Can a credit card creditor put a lien on my vehicle if I refuse to pay the credit card balance

Asked almost 6 years ago - Irving, TX

I owe two thousand dollars from a credit card I had about 6-7 years ago. A collection agency called me and said they were going to serve me a summons at work and possibly put a lien on my vehicle if I don't pay. They offered to settle for one thousand. I don't own my vehicle. Can they do that?

Additional information

Also, this debt is from another state (CA). I have never disputed owing the debt or the amount owed. I just want them to not call me at work or show up with a summons at work. That wouldn't be good. Thanks for the advice. I'll look into speaking with a consumer lawyer nearby.

Attorney answers (2)

  1. Lu Ann Trevino

    Pro

    Contributor Level 18

    1

    Lawyer agrees

    17

    Answered . I am licensed in Texas. No one can get a lien against your personal vehicle except the company that financed the car and the IRS. Also, the statute of limitations is passed. Consider a counterclaim if you are sued. Settlement is probably not in your best interest.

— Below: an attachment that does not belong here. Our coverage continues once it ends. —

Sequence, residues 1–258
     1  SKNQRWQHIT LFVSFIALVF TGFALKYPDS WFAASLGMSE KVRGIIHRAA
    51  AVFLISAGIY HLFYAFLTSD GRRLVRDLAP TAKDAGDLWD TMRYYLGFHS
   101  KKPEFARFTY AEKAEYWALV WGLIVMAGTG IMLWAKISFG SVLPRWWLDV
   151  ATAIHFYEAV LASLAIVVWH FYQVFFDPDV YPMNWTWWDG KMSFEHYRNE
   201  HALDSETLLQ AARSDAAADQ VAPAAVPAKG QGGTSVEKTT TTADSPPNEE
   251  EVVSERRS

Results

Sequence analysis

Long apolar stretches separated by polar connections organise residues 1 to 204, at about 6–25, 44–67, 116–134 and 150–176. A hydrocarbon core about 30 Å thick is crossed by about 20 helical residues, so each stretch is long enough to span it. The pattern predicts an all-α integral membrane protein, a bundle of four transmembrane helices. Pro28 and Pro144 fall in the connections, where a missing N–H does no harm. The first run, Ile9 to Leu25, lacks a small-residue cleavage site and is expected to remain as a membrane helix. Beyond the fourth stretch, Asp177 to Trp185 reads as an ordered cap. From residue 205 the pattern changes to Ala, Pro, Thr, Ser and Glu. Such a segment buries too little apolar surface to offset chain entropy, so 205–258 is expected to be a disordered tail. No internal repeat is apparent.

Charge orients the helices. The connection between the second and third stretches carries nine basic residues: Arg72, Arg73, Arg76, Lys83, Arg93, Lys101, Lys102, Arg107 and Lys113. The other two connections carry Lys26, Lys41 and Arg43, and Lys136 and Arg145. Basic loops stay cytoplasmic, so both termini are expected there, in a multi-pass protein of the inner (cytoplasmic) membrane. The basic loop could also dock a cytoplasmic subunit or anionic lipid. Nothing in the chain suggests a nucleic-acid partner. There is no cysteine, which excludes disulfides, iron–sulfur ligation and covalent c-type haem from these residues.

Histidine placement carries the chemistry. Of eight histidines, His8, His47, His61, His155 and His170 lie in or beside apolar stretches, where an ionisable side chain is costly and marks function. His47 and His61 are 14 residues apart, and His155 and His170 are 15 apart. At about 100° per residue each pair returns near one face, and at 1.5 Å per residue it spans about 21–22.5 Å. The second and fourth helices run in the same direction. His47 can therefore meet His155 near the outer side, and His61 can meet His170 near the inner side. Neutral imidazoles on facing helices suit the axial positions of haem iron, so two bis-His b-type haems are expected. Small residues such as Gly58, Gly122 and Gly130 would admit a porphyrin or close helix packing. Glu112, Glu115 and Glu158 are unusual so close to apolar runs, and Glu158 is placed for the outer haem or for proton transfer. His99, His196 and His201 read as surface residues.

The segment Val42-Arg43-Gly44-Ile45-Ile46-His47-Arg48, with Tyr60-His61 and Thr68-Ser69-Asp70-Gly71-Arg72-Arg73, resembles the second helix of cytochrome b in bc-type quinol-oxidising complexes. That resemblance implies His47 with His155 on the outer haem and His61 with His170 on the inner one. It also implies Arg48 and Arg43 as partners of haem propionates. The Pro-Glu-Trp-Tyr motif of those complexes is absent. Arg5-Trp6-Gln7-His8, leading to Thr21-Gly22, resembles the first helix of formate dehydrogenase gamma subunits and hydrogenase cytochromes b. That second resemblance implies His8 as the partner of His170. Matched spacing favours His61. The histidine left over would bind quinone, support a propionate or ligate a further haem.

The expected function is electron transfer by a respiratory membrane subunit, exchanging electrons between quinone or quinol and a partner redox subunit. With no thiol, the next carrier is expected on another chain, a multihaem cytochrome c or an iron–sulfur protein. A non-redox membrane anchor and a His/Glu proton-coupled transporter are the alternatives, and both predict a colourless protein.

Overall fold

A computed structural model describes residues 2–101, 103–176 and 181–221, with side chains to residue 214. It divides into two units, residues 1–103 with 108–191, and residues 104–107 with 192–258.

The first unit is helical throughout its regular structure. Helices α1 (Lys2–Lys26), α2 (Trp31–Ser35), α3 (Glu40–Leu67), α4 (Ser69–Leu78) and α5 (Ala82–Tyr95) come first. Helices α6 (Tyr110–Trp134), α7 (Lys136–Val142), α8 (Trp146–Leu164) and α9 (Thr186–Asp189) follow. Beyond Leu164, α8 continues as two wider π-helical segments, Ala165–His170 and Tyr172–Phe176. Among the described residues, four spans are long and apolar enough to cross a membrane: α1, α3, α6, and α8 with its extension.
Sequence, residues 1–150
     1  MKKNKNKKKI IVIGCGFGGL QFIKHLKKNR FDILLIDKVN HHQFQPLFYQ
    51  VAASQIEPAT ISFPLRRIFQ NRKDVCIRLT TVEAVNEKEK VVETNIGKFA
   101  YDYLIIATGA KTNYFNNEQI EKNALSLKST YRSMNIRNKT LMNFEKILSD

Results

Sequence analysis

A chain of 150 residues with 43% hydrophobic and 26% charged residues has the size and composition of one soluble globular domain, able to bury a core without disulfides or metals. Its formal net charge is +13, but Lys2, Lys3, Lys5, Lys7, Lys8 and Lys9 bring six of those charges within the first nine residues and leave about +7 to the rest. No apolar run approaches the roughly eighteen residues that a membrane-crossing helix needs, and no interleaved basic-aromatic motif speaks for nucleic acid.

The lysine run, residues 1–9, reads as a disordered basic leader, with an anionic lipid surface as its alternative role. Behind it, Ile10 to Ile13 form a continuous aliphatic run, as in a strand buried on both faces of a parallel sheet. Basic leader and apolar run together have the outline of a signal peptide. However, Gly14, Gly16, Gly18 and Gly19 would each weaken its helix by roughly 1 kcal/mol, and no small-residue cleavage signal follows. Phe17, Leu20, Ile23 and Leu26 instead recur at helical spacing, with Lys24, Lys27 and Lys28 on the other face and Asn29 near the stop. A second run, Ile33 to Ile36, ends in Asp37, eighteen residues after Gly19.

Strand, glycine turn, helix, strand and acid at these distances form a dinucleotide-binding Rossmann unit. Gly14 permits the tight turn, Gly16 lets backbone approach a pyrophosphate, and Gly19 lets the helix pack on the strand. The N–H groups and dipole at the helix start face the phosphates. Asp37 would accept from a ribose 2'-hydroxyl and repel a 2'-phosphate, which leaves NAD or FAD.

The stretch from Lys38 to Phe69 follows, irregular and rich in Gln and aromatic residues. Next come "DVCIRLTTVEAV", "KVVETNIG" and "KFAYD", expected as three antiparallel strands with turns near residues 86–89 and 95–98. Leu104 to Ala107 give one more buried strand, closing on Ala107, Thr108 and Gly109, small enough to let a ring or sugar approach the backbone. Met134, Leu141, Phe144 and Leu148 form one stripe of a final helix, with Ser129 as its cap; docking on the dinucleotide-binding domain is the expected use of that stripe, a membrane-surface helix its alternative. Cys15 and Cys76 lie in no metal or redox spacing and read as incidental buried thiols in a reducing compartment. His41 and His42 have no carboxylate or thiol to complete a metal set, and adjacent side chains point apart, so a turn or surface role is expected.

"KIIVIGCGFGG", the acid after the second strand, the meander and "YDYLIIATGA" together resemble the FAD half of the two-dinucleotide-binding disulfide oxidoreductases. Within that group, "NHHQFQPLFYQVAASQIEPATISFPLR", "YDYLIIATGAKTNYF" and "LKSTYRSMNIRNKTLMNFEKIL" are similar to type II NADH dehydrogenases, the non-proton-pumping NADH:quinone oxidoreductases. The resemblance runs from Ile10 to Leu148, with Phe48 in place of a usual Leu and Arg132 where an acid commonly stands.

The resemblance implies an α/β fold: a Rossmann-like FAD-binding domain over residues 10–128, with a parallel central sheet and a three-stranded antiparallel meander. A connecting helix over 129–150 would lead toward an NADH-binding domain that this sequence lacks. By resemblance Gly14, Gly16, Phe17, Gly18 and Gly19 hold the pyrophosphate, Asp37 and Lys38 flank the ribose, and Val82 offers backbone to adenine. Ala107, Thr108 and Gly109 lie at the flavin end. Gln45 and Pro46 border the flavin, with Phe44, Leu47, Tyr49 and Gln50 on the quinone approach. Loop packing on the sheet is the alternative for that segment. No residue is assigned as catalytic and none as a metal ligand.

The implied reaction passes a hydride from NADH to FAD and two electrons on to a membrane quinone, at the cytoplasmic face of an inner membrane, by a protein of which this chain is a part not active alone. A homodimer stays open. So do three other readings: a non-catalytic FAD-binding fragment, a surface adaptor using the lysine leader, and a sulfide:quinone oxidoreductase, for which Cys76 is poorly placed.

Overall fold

2. William Robert Falcone

    Contributor Level 13

    1

    Lawyer agrees

    12

    Answered . I am a lawyer practicing in New York and Colorado, and do not practice in Texas. However, I do know that there are many issues raised in you e-mail. If they have never sued you on this claimed debt, you should first find out the applicable statute of limitations. They may have waited to long to sue you. Six years is a typical statute of limitations for these claims in NY. Secondly, they can not put a lien on anything, uness they sue you and win by default or otherwise. If they win and get a judgemnent, they would not be able to file a lien on anything you do not own. Lastly, the Fair Debt Collection Act aplies to the calls they make to you, and it would appear that they may be violationg the law in making a threat of a lien on your leased vehicle, especially if the stateute of limitations has expired. They appear to be making a last ditch effort to threaten or scare some money out of you on an old debt. (Did you ever dispute the amount owed?) I recomend you speak to a lawyer in your area who does consumer debt or bankruptcy matters, and find out what the statute of limitations is. If it has expired, or if you have any other basis to dispute the debt, do so. if you can afford to have the lawyer do so it would be more effective, and he may be able to better advise you of the other issues I have raised. Also, if you hire a lawyer to write the letter, he can demand that they refrain from calling you in the future on this matter. All communications must then be through your counsel, and unwarranted, improper and baseles threats will no longer be made.)

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